Is this fall sport? Yes. Is it a scientific experiment? Yes. Is it a home run for Red Bull as far as marketing and media? Absolutely. The best tweet seen all day was, ‘boy what does 5-hour energy have to do to beat this?’

For each person it probably satisfies some sort of primal function. This was sport because it is almost impossible to measure how technically and physically demanding this fall was on Baumgartner. It was scientific. Imagine the questions that had to be asked and answered in order for this man to do this and survive. And yes it was done in the most progressive way imaginable as far as marketing and media is concerned.

In the end, it’s an idea. One imagined, sold, and rallied to and then celebrated by the world. It’s a talking point for the next year. It provides hope that all is not lost in this age of negativity. It shows us that ‘if man can think it he can do it.’ In the end, it’s something to be proud of.

Next Generation Defense

There was an article on the Wall Street Journal not too long ago talking about how the no huddle offense is ruining Television. If the WSJ thinks that a pro no huddle offense is ruining TV they must hate College Football.

Oregon is known for their no-huddle, quick-snap offense. They try to snap the ball as quickly as possible. On one scoring play against Washington they scored 9 seconds after the previous play. 9 seconds! You didn’t see the scoring play because ESPN was showing a replay of the previous play. The announcers did ask the question, “Who can stop Oregon?”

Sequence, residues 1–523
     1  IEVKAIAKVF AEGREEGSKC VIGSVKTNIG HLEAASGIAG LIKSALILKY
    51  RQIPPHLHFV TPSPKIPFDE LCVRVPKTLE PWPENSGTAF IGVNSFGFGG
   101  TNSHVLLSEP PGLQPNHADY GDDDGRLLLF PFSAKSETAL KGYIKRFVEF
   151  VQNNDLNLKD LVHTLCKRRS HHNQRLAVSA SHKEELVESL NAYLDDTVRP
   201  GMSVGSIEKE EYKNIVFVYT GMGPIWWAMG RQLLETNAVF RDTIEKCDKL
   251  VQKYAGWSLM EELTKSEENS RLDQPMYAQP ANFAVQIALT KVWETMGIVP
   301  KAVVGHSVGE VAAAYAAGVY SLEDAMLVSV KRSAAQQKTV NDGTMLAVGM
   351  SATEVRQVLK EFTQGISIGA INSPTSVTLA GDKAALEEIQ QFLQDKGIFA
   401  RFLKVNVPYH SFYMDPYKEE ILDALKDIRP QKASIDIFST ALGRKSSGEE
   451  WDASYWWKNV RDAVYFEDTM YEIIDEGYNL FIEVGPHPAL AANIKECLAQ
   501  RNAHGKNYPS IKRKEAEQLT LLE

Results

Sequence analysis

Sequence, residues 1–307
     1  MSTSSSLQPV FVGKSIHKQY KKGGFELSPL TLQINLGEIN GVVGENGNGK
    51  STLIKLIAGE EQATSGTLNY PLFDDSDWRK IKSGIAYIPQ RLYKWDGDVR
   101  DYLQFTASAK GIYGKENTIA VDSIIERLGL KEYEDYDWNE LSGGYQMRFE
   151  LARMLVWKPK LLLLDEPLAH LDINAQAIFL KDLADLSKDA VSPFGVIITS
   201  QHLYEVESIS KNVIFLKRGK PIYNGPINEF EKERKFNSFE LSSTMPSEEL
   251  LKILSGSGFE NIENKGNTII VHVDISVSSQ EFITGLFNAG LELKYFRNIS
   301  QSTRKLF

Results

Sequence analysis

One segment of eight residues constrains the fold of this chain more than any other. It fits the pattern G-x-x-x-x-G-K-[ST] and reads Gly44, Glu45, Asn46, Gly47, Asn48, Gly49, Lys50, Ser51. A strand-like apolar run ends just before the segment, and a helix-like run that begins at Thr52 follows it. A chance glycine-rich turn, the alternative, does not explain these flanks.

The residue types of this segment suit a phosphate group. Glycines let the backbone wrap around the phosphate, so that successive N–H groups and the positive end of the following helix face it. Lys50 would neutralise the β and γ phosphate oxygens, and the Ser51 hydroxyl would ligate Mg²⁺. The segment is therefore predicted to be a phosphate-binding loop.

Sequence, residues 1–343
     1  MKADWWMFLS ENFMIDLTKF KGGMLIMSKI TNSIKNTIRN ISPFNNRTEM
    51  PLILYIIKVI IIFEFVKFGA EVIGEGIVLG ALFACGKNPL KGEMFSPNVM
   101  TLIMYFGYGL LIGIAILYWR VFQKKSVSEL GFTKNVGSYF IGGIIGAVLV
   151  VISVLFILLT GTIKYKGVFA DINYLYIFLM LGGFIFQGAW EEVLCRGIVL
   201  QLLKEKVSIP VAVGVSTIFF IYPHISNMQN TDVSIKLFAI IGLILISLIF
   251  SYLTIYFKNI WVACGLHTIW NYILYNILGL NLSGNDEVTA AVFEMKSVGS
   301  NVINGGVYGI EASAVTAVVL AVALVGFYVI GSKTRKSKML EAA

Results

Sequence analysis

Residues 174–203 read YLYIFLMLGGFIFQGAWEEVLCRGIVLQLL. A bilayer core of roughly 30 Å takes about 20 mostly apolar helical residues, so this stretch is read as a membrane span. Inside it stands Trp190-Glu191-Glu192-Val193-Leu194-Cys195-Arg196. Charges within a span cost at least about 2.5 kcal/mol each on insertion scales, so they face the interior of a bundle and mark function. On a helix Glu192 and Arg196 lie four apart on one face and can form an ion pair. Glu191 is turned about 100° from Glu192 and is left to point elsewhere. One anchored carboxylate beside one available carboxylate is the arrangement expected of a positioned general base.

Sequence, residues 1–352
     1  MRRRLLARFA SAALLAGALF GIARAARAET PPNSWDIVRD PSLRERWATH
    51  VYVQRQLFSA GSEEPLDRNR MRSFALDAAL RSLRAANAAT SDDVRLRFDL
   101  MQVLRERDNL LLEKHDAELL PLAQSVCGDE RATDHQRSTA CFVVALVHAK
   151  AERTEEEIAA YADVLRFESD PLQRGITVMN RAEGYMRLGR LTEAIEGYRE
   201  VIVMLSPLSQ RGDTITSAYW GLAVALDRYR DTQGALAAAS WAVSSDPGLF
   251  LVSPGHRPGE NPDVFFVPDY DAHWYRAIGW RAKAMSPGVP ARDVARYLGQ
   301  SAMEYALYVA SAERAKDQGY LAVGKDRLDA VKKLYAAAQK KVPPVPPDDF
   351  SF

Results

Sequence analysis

TV can’t but the Next Generation Defense can.

Every Saturday you see Defenses getting caught with penalties for too many men on the field or just not lining up correctly before the ball was snapped. They’ll never stop Oregon or another fast paced, high-snap team like Arizona with these tactics. Defenses have to change in two fundamental ways.

First, they have to stop approaching defense with a ‘well it worked in the past’ philosophy. While there are lessons that can be learned and schemes poached, there has to be a fresh approach to the basic practicies. The best place to start is with the substituions. Stop them. While several years ago substituting in players for certain defensive packages worked it won’t when you play teams like Oregon or Arizona who never huddle and snap the ball quickly. If you want rotate players to keep them fresh throughout the game you’re going to need 22 players and not 11.

Defenses can stay fresh by rotating the starting 11 between series. While this may leave some playmakers on the sidelines for a couple of series it will, in the long term, keep those players fresher to make plays throughout the game.

Second, defensive players have to now be the most conditioned athletes on the field. Rotating super giant lineman to clog the line of scrimmage isn’t going to work. Having well conditioned athletes with great technique is. Anticipate having to leave 11 defenders on the field for an entire series.

These changes will help keep pace with a team like Oregon or another fast paced team like Arizona. Arizona keeps getting brought up because in the first 6 games of the season Arizona is averaging more plays per game than Oregon (93 to 85). To put this in perspective, the defending National Champions Alabama are averaging 63 plays per game and the high octane attack of West Virginia averages 76. Oregon runs 20 more plays a game than Alabama and Arizona runs 30.

Neither Oregon or Arizona have won a National Title since they’ve begun their fast-paced offensive attack. They are garnered a lot of headlines but haven’t one the big one. Meanwhile traditional offenses like Alabama and LSU have walked away with the National Title in the last couple of years. While the past still works it may soon be swallowed up by the future with teams like Oregon, Arizona and West Virginia leading the way.